On the late afternoon of Sunday, July 12, 1908, a group of people were playing cards in a house at #118 Valentine Street in New Castle, Pennsylvania. The residence was the rented home of forty-nine-year-old Italian immigrant named Fred Rosena (Ferdinand Rosrno). He lived there with his Italian wife Frances, his three small children, and two of his sisters. Valentine Street is no longer on modern-day maps, but it was roughly west of Produce Street along South Croton Avenue.
Rosena, who was born in Italy in 1860, had come to this country as a teenager and settled in New Castle in 1883. He was married in about 1902 and started a family. He was well-known around the Italian community, as a con man and gambler. He had occasionally been employed as an interpreter with the Lawrence County Court House. He was part of a celebrated lawsuit in late 1904 in which he sued the county commissioners for $50 he said they owed while employed as an interpreter. The court ruled against him.
He was known to be violent and had several run-ins with the law dating back a decade. One of the worst incidents was took place in December 1900 when he had been involved in a vicious knife fight with a man at the Union Depot on Pittsburg Street (East Washington Street). Both men were injured, but the other man – who was stabbed in the back – was hospitalized for some time. Rosena was charged with assault and attempted murder but was eventually cleared. In more recent years he had also been cited for threatening or assaulting his wife on numerous occasions.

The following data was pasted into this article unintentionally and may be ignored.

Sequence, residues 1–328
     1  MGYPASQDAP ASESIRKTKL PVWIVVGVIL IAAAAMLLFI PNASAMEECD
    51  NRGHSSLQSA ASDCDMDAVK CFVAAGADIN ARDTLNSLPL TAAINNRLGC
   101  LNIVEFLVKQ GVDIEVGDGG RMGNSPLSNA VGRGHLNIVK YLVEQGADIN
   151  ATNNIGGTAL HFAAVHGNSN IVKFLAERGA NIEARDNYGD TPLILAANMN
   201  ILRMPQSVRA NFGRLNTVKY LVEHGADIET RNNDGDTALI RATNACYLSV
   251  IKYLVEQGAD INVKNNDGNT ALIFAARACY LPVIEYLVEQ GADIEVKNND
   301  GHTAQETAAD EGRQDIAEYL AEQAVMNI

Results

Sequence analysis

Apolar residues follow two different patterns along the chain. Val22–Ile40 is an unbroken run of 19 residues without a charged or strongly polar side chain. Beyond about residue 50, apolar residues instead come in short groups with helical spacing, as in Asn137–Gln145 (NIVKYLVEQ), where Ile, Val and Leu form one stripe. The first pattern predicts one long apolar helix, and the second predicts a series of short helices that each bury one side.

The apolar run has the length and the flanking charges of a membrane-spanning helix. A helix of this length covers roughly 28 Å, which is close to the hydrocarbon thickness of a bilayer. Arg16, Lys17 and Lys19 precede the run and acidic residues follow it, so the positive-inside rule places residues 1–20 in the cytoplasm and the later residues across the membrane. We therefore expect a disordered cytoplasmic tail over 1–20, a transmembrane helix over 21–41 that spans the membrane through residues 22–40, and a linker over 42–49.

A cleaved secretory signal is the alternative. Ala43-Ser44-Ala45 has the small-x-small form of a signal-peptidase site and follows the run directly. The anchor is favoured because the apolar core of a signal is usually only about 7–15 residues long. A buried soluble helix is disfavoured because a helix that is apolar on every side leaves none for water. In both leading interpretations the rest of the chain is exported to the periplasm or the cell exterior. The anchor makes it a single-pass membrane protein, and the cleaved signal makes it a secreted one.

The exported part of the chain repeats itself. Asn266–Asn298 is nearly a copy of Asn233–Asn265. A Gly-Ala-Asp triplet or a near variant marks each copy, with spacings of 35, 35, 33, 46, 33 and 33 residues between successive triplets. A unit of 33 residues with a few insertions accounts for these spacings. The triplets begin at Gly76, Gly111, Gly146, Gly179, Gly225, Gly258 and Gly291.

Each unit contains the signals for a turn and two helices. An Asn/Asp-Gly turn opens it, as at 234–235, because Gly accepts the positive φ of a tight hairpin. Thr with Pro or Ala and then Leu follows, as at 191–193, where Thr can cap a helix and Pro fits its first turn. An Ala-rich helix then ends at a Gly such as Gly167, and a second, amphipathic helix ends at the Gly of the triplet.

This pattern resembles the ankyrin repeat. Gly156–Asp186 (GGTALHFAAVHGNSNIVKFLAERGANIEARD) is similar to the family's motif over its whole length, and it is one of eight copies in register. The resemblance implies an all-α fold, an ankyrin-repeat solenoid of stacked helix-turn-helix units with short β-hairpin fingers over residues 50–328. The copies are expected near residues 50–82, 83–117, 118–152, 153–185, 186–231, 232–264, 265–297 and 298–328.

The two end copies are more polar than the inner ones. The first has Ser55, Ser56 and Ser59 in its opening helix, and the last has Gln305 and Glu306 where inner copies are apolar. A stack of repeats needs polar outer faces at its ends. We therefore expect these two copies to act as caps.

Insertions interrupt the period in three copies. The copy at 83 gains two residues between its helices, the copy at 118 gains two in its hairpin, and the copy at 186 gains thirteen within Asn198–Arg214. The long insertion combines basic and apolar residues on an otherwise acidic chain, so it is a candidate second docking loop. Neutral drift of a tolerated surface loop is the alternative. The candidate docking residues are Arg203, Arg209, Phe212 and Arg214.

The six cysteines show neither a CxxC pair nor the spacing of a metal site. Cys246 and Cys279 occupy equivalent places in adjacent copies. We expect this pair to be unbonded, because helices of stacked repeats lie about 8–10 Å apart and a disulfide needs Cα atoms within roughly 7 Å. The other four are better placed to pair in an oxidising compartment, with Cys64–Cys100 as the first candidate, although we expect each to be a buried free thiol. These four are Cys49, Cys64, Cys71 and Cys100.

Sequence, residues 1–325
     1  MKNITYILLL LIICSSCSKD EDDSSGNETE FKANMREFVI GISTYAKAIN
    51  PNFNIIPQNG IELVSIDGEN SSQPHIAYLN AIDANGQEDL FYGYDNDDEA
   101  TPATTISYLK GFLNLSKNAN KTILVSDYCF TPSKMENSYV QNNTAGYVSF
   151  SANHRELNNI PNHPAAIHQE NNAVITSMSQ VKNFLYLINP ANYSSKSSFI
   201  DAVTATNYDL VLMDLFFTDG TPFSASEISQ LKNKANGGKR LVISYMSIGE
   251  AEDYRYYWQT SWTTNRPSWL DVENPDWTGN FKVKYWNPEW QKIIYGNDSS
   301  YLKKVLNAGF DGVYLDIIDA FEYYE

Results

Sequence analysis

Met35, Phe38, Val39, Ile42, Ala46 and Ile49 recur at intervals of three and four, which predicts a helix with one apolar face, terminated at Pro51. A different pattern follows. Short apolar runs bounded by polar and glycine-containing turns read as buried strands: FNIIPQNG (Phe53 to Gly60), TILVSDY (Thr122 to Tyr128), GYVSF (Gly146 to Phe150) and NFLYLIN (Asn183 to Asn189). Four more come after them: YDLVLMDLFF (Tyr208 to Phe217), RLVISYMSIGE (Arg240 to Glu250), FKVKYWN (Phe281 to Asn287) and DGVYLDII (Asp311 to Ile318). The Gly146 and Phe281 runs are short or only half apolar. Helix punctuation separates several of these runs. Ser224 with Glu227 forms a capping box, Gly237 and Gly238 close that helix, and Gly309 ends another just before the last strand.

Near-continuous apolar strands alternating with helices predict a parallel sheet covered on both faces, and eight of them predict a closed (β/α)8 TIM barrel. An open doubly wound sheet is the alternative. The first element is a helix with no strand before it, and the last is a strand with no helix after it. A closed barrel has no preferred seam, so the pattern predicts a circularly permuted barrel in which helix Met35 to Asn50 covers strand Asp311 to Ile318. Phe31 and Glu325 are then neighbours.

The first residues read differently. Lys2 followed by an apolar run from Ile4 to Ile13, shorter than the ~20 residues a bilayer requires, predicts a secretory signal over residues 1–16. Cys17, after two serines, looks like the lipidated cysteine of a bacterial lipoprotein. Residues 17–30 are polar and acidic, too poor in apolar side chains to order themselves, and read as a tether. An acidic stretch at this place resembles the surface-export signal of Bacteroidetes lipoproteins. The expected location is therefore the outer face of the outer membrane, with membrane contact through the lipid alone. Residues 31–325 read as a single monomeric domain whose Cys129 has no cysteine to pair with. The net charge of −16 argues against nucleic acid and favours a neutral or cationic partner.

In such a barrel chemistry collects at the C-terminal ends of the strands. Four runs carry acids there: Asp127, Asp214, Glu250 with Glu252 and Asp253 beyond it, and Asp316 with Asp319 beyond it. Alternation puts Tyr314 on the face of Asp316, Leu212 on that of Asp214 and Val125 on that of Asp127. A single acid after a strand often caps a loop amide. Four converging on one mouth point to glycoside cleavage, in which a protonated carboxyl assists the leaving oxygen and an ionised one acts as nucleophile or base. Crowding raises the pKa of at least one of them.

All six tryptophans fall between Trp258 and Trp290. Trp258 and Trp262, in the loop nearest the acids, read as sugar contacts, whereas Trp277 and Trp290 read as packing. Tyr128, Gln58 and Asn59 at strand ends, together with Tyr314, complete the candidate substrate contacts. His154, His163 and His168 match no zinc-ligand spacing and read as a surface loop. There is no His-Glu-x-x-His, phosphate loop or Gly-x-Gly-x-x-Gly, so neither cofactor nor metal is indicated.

Back to the evening in question, July 12, 1908, a dispute of some sort ended the card game and several neighbors departed. Fred Rosena and his wife and her cousins John Chocco and Philip Chocco remained. John Chocco had apparently come up from Pittsburgh about two weeks prior to stay with his cousin (Mrs. Rosena). A physical altercation of some sort ensued between Rosena and John Chocco. Rosena rushed into a back room and reappeared with a loaded .38-caliber Winchester rifle.
NOTE: Various reports refer to John Chocco as the “brother-in-law” of Fred Rosena. After in-depth research I don’t believe this to be true. Chocco was a cousin of Mrs. Frances Rosena – and not her brother.
Meanwhile, John Chocco, also known to have a violent past, and his brother Phillip fled the house and hid out nearby. Rosena, brandishing the rifle, went out onto the front porch and looked around. He was angered could not find John Chocco and then walked up to Croton Avenue looking for him. He then returned towards the house, threatening several people along the way. A neighbor named Amanda Hood said he attempted to shoot at her, but the gun misfired. Once he returned to the house John Chocco suddenly appeared from hiding with his arms raised. Chocco initially attempted to reason with Rosena and according to witnesses he then begged for his own life.